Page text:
The Tories were accused of "stiffing" the North today after revealing billions of pounds of rail improvement work are to be "paused".
Labour accused the Government of trying to “shift all the blame”, while Network Rail said the plans were too ambitious.
Public spending pressure group the TaxPayers' Alliance accused other the HS2 rail project of "cannibalising" funds which could be used to improve the existing train network.
Labour's Shadow Transport Secretary Michael Dugher told The Huffington Post UK: "The Tories pretended to care about the North of England ahead of the general election. But as soon as they got the election out of the way, they've shown their true colours and have gone back to stiffing the north".
The Institute for Public Policy Research (IPPR) also blasted the Tories, with Ed Cox, director of IPPR North claiming today's announcement will cause serious harm to the Northern Powerhouse project.
He said:“Today’s announcement is troubling for the Northern economy and a major setback to the Northern powerhouse. Transport connections and infrastructure must be the foundation on which a prosperous Northern economy is built.
“The North already loses out substantially when it comes to public investment in its dated, poorly integrated and under-funded transport network. Now it will see projects already too far back in the queue fall further behind, which will hamper the area’s ability to grow and compete."
Speaking in the Commons today, Mr McLoughlin announced plans to electrify the Midland mainline and the route between Leeds and Manchester were among projects now “paused”.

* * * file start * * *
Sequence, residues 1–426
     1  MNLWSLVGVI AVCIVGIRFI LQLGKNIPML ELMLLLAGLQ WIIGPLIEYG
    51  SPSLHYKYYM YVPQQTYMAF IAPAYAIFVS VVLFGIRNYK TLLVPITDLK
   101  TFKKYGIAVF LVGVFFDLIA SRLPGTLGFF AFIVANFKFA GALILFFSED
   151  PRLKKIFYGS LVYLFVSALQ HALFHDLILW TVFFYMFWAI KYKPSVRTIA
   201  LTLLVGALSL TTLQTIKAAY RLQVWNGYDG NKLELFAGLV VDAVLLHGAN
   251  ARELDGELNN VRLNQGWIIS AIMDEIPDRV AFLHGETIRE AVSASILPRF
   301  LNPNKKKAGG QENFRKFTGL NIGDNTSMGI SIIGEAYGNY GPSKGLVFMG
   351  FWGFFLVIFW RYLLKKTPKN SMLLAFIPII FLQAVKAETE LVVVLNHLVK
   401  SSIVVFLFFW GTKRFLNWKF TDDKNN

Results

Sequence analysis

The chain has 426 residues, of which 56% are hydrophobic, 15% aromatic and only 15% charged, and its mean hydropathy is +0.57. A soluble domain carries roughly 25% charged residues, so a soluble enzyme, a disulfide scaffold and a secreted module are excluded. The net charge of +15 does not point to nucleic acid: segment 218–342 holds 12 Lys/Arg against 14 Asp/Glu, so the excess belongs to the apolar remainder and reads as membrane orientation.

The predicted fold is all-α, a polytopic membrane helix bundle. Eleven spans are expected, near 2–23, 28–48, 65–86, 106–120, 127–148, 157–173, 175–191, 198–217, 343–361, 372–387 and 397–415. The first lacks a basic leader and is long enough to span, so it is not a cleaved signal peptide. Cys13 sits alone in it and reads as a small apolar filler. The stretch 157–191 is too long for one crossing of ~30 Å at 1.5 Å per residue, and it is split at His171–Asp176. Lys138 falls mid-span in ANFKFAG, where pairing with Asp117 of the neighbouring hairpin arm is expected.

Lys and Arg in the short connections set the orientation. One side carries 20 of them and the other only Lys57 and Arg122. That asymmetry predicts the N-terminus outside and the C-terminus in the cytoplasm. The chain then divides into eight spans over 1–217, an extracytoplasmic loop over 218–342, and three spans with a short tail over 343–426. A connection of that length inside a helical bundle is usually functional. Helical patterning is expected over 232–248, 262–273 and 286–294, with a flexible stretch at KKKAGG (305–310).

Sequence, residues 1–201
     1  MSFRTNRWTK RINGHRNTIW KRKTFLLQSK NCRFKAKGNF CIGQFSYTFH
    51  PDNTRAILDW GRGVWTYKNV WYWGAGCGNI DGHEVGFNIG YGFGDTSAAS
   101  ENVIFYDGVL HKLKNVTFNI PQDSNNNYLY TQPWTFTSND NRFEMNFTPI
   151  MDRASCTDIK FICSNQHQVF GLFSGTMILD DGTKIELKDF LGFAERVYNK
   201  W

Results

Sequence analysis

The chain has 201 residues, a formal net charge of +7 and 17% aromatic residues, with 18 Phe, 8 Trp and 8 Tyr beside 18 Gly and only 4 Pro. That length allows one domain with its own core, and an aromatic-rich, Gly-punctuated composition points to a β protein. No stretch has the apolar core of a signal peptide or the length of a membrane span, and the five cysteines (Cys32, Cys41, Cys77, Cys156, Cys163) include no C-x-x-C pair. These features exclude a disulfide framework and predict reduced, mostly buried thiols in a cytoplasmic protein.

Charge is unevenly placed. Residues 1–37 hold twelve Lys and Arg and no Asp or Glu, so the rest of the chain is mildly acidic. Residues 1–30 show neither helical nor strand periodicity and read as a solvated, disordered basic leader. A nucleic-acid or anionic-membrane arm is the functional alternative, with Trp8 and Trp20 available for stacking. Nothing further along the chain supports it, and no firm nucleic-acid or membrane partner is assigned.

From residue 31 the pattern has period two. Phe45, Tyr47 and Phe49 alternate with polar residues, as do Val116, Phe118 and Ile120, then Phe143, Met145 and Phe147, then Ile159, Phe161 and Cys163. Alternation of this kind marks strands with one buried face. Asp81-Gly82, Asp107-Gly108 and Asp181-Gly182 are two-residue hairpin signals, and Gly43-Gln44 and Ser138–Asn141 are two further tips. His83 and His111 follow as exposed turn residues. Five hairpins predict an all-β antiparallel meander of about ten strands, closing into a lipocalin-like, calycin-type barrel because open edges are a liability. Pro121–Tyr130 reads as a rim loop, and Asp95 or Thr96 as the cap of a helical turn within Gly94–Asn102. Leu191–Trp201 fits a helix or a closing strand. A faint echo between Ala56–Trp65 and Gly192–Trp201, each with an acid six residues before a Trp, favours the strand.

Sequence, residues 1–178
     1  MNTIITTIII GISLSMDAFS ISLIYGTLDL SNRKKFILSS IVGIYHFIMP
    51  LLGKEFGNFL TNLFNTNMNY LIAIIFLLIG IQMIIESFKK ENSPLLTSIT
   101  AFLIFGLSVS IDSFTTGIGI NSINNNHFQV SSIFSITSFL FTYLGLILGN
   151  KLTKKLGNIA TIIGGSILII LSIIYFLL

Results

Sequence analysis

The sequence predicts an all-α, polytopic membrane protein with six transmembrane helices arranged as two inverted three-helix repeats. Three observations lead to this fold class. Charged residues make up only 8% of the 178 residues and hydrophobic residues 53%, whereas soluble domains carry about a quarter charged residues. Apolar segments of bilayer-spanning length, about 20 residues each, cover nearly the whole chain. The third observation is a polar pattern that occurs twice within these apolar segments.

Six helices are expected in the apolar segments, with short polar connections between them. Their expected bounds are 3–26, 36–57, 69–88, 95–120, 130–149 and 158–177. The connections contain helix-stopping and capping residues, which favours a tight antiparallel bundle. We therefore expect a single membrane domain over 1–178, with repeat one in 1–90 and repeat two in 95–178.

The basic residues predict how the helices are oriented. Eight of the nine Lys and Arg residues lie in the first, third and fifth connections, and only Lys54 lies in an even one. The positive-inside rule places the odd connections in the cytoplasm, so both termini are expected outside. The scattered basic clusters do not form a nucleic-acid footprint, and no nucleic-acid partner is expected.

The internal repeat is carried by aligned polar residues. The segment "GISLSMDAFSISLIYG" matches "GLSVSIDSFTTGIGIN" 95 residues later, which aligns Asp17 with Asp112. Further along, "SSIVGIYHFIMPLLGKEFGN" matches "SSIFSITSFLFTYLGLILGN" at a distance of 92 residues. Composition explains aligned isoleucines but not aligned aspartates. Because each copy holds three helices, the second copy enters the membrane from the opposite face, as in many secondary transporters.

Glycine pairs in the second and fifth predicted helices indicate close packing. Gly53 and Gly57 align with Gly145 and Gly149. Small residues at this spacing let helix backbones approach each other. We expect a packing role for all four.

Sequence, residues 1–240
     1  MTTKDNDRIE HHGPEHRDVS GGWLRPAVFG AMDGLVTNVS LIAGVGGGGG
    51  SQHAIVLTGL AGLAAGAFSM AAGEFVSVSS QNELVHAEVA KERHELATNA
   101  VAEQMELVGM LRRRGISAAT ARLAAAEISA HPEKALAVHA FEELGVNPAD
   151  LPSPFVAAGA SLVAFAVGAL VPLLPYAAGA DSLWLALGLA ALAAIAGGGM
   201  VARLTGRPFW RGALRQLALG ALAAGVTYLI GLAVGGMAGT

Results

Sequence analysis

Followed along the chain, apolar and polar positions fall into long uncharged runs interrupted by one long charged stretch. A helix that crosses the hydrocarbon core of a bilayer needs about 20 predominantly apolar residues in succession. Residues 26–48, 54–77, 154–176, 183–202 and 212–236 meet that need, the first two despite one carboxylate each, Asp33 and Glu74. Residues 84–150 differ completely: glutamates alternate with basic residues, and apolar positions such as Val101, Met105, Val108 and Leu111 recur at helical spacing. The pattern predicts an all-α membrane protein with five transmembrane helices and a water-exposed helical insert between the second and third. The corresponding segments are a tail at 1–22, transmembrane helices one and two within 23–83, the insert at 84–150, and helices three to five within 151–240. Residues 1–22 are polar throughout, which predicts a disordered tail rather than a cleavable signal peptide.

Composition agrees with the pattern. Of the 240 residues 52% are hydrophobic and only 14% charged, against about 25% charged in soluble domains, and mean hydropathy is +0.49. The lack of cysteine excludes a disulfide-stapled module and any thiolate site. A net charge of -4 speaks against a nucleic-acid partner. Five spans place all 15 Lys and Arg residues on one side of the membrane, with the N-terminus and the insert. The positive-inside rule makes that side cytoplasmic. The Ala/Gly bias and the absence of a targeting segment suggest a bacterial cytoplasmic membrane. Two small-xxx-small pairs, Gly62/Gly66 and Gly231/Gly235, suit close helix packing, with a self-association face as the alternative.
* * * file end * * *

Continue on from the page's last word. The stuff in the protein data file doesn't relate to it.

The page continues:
Mr McLoughlin said: “Network Rail’s performance has not been good enough” and added: “Electrification is difficult, the UK supply chain for the complex signalling works needs to be stronger, construction rates have been slow.
“It has taken longer to obtain planning consents from some local authorities than expected.
“But that is no excuse. All of these problems could and should have been foreseen by Network Rail.”
The plans were originally announced in 2012, and deemed to be the most “ambitious [rail] programme since the Victorians.”
Justine Greening, the then-Transport Secretary, said the Government’s ambition was for 75 per cent of all rail journeys to take place on electrified trains.
While electrification of the Midland mainline and TransPennine routes have been paused, projects in the south east, including Crossrail and Thameslink, are well under way.
Speaking to the BBC, Network Rail’s chief executive Mark Carne, said keeping the railways running while carrying out improvement works was causing headaches.
He said: "Over the last year, it has become obvious that the challenges of operating, maintaining and enhancing the railway are significant.
"I think it's time to level with the public and say that some of these extraordinary projects that we absolutely need are going to take longer and are going to cost more than we originally thought.
"We are going to take the summer to re-evaluate the extension of the programme - we need to do that properly with the Department for Transport and, of course, looking at the impact on trains as well."
The Lib Dems also criticised the announcement, and Leeds North West MP Greg Mulholland said: “The Tories talk a lot of warm words about the North, but today’s announcement demonstrates a cold, hard fact. This shows that they do not care about investing to improve our connectivity.
“Electrification is a key plank in ensuring we create jobs for local people, attract business and boost our regional economy. By putting the plans on hold, the Tories are putting are letting down millions of people in northern cities like Leeds, Manchester and Sheffield.
“Liberal Democrats in government committed millions of pounds to deliver huge expansions in northern travel links. It is a shame that when left to their own devices, the Tories are now rowing back on this much needed investment.”
Mr McLoughlin announced today changes at the very top of Network Rail, with current chairman Richard Parry-Jones stepping down to be replaced by London’s Transport Commissioner Sir Peter Hendy.
None of Network Rail’s Executive Directors will receive a bonus for the past year.